Security and Medicare. It's compassionate, tax cut. [Laughter.]
I'm sorry. The guy kills me. I can't help it.
It literally, I mean, it's, you know, they talk so much about
he's the CEO of a company. What CEO of a company could get away
with being that vague? Could you possibly imagine Warren Buffet
walking into a stockholders meeting going, "I'm making some decisions
about our products, based on sound research."
"What products would those be?"
"Fundamentally sound products, products
people use, products that help people." That's the end of the
meeting. I think that the tax cut is going to be very healthy
very helpful because I am in that top 1 percent, and man-oh-man,
I'm licking my chops.
I think it's a, you know, he's absolutely right.
You can't make those decisions on who should pay taxes. Here's
the thing, it's a fundamental difference of opinion. They trust
the government. He trusts the people, even though he is the government,
but still, he trusts the people, not to count votes, mind you,
but for what to do with their own money, the tax cut money, not
the other money. He trusts the government for that, with that
money. I trust him with my money.
Do you remember the Ramos family he
had at the quasi State of the Union speech, and he pointed them
Yeah. I think that's going to catch on with
politicians. I think the idea of pulling real people to represent
your policies, boy, what a great idea. I think that might really
Yeah. It really gives it a down-home feeling.
It really, it makes it accessible to me. Because you know what
I thought to myself? This tax cut seems really, really skewed
to the rich, but these Ramos folks, they're going for it. Who
am I to argue with that? I can't argue with the Ramoses. Look
how real American they are.
You had the president poking fun at
himself, reading from his own book of malapropisms the other night
at the correspondents dinner. Does that work at all, do you think?
Does it take any of the sting out?
No. For me? I thought to myself, "You know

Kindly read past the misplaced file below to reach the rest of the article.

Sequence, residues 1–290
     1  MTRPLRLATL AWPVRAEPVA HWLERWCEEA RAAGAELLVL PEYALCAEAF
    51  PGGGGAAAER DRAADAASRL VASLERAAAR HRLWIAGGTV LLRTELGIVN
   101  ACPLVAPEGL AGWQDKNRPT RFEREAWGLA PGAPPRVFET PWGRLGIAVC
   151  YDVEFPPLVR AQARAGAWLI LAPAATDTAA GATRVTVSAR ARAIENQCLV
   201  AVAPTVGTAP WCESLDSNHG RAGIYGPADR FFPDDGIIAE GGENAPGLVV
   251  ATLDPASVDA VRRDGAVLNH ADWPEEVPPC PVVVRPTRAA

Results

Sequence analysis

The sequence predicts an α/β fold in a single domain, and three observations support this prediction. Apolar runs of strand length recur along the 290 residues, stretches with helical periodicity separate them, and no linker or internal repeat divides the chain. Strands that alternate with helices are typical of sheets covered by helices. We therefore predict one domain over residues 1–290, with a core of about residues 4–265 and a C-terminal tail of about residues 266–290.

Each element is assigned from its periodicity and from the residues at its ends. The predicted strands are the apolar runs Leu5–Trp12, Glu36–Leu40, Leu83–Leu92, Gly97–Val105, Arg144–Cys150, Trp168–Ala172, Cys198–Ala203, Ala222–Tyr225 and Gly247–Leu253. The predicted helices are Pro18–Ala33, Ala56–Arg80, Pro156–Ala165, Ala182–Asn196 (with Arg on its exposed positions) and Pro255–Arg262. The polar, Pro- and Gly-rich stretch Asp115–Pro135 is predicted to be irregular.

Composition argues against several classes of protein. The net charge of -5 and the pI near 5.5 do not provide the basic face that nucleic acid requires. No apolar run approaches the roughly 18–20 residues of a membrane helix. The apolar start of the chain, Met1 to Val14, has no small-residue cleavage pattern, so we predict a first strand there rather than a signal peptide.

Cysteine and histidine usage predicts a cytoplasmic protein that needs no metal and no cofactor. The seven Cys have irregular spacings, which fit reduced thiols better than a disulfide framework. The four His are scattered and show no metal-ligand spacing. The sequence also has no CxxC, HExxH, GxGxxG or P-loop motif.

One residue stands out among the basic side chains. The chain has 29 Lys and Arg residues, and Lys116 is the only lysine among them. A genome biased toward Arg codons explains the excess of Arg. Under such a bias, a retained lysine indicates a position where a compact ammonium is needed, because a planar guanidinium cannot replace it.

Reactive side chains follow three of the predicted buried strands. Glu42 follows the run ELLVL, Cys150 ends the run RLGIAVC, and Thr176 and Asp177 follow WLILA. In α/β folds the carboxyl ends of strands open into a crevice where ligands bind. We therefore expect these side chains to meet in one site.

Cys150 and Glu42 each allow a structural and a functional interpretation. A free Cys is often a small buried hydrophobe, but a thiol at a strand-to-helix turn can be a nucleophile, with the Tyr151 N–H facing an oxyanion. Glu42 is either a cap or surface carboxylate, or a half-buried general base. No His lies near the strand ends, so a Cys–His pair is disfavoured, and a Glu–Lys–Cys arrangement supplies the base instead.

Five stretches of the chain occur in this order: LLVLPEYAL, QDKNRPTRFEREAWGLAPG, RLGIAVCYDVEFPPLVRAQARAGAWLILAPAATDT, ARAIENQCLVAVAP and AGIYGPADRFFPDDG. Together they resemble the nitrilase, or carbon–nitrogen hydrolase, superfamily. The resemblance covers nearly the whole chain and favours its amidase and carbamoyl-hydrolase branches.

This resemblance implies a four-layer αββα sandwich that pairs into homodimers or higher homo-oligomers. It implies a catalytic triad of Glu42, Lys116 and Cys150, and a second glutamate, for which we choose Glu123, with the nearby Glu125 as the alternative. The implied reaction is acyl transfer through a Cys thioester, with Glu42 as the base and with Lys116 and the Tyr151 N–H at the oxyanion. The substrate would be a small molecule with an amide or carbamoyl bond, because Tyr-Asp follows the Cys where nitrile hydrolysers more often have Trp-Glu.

what? Yeah. I'm drinking a little arsenic. Okay. I maybe have
a little mercury in the system. Okay. I might not live as long,
but that dude's funny."
No, I don't listen. If I want "snigletts,"
I'll go to Rich Hall. I really don't, I don't appreciate that
from the president. I don't judge my president based on, "Here's
the thing. You don't be funny, I won't bomb Iraq. Let's make that
And also the malapropisms thing, he's going
to do that every year, you know? Do you think Norm Crosby's in
the back going, "That's my shtick, you bastard."...
You know, all I hear about is what a good guy
he is. You know, that's the reputation: good guy, not so bright.
Here's what I think: Very bright, mean as hell. My opinion is
that he is not a patsy in any way. He is not a prop. He is not
a puppet. He is in charge. He is large and in charge. And while
he had the book of malapropisms open, underneath was a book called,
"The Prince," by Machiavelli, and that's what he was really reading.
How important is what you do, in terms
of shaping the image of the presidency? I mean, he's
In terms of what I do? On a scale of zero to
10, I'd go with a zero, not very important. I don't know how else
to put it.
I mean, in other words
Okay. If the president's image is this, we're
we're not very important. Listen, I have trouble shaping
my own image, and I host the damn thing. I don't think that we
shape the president's image.
At all. You don't think people see
late night monologues, the jokes and all of that
Yeah, but people don't watch the late night
monologues like Manchurian Candidates. They don't watch the late
night monologue and go, "Bush is nitwit. Queen of diamonds. Bush
I think they watch it for what it is. It's
a satire. There may be truth in it, but people will make that
judgment based on what they perceive to be the truth in it, you
know. Nobody made more jokes about, or no one had more jokes made
about them than Bill Clinton, certainly. I mean, that was historic.
He was the "Babe Ruth" of presidential humor, as far as I was
concerned, and the guy left office with a rating in the 60s.
So, clearly, we're not you know, if
you're listening to us, you're not forming your opinions necessarily
But the jokes about him were about
his, his predilections outside the Oval Office or in the
Oval Office, but
But the insinuation was that he lacked morality.
And while his morality ratings were low, I don't think it was
because of comics, I think it was because he was having sex with
But I think what people, in many ways, I think
the comedy diffuses what are dangerous situations for these politicians,
in a lot of respects, that it almost humanizes the situation to
the point where, if people are laughing about them, they are not
angrily writing letters, you know, to their congressman about
Do you think it works with reporters,
too, when they're all there at the Hilton, and he's cracking jokes
about policy and his own
Yes, I do. I think that reporting on the president,
though, has become about the strategy of being president, not
about the actuality of the policy. It's about how well he sticks
on point, how well he stays on message, how tightly they hold
ranks, as a cabinet. I don't think it's got anything to do any
more with it seems far more important not about the arsenic,
but about how he handled the release of the information through
Ari Fleischer and how Christie Whitman might be feeling.